Glenn Gould sulkily likened concert performance to a blood sport, a kind of gladiatorial challenge in which the public is just waiting for the pianist to make a mistake. (It’s no wonder he stopped performing at the age of thirty-one.) Gould wasn’t entirely wrong about the format: the institution of the piano recital or the concerto resembles a battle, or a struggle, a feat of endurance and skill. But really it’s more Greek than Roman, more Olympic than gladiatorial. It shouldn’t be about survival but about flourishing, about embodying the best that there is and that we aspire to be. Bognár asks Vogt how he is able to maintain hope for the future, and Vogt replies by quoting the saying, which he attributed to the anti-Nazi dissident and theologian Dietrich Bonhoeffer, that, if he had only one day to live, he’d still plant an apple tree. “I like this idea that life continues,” Vogt muses.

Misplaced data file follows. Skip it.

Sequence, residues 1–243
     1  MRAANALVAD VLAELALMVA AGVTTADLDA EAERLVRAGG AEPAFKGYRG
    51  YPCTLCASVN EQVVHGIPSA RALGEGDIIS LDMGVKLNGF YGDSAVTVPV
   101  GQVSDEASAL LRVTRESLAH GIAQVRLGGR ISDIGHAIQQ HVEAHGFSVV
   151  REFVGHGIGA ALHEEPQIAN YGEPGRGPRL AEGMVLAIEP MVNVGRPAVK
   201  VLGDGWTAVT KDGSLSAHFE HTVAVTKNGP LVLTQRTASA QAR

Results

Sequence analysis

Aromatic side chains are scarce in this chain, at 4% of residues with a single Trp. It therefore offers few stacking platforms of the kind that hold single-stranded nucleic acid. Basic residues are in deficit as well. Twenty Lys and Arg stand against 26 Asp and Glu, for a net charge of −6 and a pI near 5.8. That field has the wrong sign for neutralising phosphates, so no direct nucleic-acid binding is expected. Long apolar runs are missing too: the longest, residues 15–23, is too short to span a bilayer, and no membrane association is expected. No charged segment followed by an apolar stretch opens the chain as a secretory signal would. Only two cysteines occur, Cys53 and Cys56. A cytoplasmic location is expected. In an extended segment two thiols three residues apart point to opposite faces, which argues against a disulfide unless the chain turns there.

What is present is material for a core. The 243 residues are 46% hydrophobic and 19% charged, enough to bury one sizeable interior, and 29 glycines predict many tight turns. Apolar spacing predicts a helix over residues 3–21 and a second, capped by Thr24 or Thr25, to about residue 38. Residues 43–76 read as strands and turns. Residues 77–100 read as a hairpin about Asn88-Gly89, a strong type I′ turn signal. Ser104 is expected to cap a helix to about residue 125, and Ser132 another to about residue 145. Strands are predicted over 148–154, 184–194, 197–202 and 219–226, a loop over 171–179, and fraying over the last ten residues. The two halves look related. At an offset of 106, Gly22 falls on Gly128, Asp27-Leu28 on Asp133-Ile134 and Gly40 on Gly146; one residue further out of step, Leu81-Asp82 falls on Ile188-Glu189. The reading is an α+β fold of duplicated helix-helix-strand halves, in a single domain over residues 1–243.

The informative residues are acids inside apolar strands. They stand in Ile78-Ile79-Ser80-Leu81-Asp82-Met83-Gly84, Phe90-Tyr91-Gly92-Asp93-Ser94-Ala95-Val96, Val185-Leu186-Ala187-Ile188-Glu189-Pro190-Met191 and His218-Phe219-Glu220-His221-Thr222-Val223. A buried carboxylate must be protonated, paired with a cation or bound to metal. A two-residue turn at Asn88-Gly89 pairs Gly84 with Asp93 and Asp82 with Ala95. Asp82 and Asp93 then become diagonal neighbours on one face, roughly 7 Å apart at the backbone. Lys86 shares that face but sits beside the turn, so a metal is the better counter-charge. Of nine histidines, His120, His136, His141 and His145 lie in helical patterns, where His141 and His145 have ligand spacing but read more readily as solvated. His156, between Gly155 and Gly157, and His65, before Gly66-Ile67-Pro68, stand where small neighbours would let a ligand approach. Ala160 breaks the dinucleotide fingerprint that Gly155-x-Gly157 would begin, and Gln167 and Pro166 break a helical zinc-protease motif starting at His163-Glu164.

Even when it’s sad or frightening, music is always about living well—with the most concentration, the most intensity, and the greatest empathy for the composer, your fellow-musicians, and your public. Vogt showed us that it’s about dying well, too. And that the musical heroism we so admire—a heroism made of a million minor insights, of muscle memory, of nuance heard and felt and gifted on—can be transferred to the basic challenge of moving through and out of this life with grace. Toward the end of his interview with Bognár, Vogt mused on what he would leave behind. “You live on in a different way, you know,” he said, “and you stay with some people that you’ve impacted maybe, and particularly in teaching or in rehearsing. Something stays with people.” Lars Vogt lives on much more than in his recordings or his pedagogy. What lives on is the whole music of his life. ♦